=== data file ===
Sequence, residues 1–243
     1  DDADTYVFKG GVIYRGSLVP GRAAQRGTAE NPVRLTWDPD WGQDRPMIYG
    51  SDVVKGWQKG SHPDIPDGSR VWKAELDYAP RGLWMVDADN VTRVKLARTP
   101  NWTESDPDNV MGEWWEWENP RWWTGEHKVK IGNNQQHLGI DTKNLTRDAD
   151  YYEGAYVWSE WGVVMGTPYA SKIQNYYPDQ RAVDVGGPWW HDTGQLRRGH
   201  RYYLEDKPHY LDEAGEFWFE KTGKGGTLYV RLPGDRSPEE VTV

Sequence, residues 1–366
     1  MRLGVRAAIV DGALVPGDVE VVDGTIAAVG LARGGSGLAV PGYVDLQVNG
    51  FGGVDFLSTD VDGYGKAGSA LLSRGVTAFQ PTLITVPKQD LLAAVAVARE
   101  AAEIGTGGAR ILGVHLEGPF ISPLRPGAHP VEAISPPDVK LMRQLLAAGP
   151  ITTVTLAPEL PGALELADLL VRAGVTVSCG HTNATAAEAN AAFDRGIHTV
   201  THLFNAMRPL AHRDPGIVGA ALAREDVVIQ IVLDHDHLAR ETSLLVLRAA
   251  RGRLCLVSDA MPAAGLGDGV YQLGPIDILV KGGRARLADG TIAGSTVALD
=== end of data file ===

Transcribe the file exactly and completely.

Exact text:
Sequence, residues 1–243
     1  DDADTYVFKG GVIYRGSLVP GRAAQRGTAE NPVRLTWDPD WGQDRPMIYG
    51  SDVVKGWQKG SHPDIPDGSR VWKAELDYAP RGLWMVDADN VTRVKLARTP
   101  NWTESDPDNV MGEWWEWENP RWWTGEHKVK IGNNQQHLGI DTKNLTRDAD
   151  YYEGAYVWSE WGVVMGTPYA SKIQNYYPDQ RAVDVGGPWW HDTGQLRRGH
   201  RYYLEDKPHY LDEAGEFWFE KTGKGGTLYV RLPGDRSPEE VTV

Sequence, residues 1–366
     1  MRLGVRAAIV DGALVPGDVE VVDGTIAAVG LARGGSGLAV PGYVDLQVNG
    51  FGGVDFLSTD VDGYGKAGSA LLSRGVTAFQ PTLITVPKQD LLAAVAVARE
   101  AAEIGTGGAR ILGVHLEGPF ISPLRPGAHP VEAISPPDVK LMRQLLAAGP
   151  ITTVTLAPEL PGALELADLL VRAGVTVSCG HTNATAAEAN AAFDRGIHTV
   201  THLFNAMRPL AHRDPGIVGA ALAREDVVIQ IVLDHDHLAR ETSLLVLRAA
   251  RGRLCLVSDA MPAAGLGDGV YQLGPIDILV KGGRARLADG TIAGSTVALD